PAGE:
What was your upgrade path from a Rancilio Silvia class espresso machine? - Page 2

Recommendations for buyers and upgraders from the site's members.
Alan

#11: Post by Alan »

Just upgraded my Silvia to an Astra Gourmet GS (HX machine). The E-61 grouphead is drilled and tapped with a thermocouple in it which makes the flush pretty easy to get right. I am liking it a lot. 2200W and 4liters of steaming power.

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mrgnomer

#12: Post by mrgnomer »

HB wrote:Many espresso enthusiasts upgrade one or more times. Have you upgraded? (For those who plan to upgrade and have decided on the type of espresso machine, please select above as if you had already upgraded).
Less than a year after starting with a Silvia my upgrade was to a Quickmill Vetrano. Excellent home use e61 HX IMHO.
I wanted consistency, adjustablilty and reliability. There's not many double boiler machines to choose from vs. HX machines but even if there were more double boilers I felt I'd rather have the flexibility and control an HX offers.

It's been two months since the upgrade and it looks like upgrade fever has been cured.

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affas

#13: Post by affas »

After 2 years of the Silvia I ended up with an Spaziale S1. So easy and nice to use. Makes excellent shots time after time and the foaming is just so easy and makes me very good microfoam, even in small quantities of milk. The price is not so bad at all :D

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mogogear

#14: Post by mogogear »

As a lever -head I kind of feel lonely in this group.
I started with and moved to :
Rancilio Betsy>Silvia> La Pavoni Europiccola>Olympia Cremina>La Peppina>Gaggia Compacta( commericail lever)>Conti Prestina (Same )

I have tried out some small.. HX machines for size- Livietta, Astra Gourmet and a Isomac TEA- maybe next year...
greg moore

Leverwright
LMWDP #067

jimoncaffeine

#15: Post by jimoncaffeine »

My upgrade path - aka "The Upgrade Cycle of Doom..."

Various steam toys - (about 25 years ago)
-Gaggia Espresso - (about 20 years ago and still in use)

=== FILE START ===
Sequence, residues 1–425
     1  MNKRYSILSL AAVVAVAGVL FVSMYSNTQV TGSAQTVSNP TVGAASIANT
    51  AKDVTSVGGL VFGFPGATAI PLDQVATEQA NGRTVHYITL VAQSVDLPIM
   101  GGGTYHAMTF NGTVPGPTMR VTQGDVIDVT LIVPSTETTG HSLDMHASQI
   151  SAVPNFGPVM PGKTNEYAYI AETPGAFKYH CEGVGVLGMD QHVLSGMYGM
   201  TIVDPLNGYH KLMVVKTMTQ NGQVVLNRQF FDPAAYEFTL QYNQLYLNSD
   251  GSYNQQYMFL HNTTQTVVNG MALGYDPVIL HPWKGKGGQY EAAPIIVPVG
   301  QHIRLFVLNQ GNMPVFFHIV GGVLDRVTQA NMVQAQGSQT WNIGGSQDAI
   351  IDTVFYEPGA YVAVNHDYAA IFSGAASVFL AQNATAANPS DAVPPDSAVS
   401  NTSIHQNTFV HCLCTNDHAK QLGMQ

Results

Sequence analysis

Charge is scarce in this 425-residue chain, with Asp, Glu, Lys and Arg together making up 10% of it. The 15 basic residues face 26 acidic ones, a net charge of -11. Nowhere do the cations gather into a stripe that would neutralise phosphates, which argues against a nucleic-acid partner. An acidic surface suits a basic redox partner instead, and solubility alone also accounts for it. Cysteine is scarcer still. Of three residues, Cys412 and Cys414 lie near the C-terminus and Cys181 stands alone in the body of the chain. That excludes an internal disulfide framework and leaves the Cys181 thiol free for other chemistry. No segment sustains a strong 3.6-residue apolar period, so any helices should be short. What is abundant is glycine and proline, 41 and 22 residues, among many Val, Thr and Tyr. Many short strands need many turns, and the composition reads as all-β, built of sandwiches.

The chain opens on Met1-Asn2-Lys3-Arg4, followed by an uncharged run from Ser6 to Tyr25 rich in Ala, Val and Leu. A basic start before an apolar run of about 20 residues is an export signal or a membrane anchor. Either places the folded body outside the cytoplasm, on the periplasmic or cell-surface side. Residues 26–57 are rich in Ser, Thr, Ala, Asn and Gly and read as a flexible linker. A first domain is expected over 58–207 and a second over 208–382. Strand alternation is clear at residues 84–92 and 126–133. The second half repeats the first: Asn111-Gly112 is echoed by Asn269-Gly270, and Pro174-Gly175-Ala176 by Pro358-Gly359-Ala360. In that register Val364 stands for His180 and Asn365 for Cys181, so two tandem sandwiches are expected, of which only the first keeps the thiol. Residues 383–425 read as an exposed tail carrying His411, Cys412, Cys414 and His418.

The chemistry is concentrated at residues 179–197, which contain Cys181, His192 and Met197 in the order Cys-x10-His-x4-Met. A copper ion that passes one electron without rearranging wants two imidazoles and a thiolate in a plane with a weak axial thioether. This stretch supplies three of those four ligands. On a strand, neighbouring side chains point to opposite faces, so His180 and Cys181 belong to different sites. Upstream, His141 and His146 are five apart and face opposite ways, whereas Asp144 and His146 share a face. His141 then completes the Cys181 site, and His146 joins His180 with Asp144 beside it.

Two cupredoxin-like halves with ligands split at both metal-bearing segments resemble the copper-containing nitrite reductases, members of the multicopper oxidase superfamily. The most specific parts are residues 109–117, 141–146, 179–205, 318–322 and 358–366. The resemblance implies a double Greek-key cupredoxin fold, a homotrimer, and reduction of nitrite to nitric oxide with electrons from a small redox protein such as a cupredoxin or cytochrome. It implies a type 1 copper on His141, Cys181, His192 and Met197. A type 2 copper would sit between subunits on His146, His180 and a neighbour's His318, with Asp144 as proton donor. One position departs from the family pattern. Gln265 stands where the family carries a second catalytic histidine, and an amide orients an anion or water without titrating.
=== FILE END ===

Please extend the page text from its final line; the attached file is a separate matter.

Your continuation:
-Starbucks Barista - (about 5 years ago - pressurized portafilter caused me to think I had grown to dislike espresso!)
-Gaggia Baby - (about 2 years ago - after I realized it was my machine wrecking the espresso.)
-Quick Mill Anita (semi-auto, HX, pour-over) - (about 1 year ago - after I could not find a decent, used, commercial machine that I could afford.)
-Faema Compact S (semi-auto, HX, plumb-in) - (about 2 months ago - purchased all parts in a box, rebuilt and re-assembled - but it only cost $50... and it looked like way too much fun to let go by... I was on it like a crow on a dead squirrel! :) )
-La San Marco, Practical 95e (auto, HX, plumb-in) - (A week ago today... Found it used for $300 and just couldn't pass it up.)

I've enjoyed having an HX machine compared to the single boiler non-hx's in the past. Its nice to be able to steam milk drinks while pulling the shot meant for the drink. A larger boiler makes it much more stable when the boiler is filled than for the same amount in a smaller boiler. The plumb-in machines added far more to my enjoyment than I ever believed that they would. (Its nice not worrying about the water tank level all the time and you go through A LOT more water with an HX machine due to the cooling flushes.) The auto-dosing on the latest machine is nice too since you just sort of gaze occasionally at the creama while steaming the milk rather than having to stop it manually but, I wouldn't not buy a semi-auto machine just because it didn't have this feature.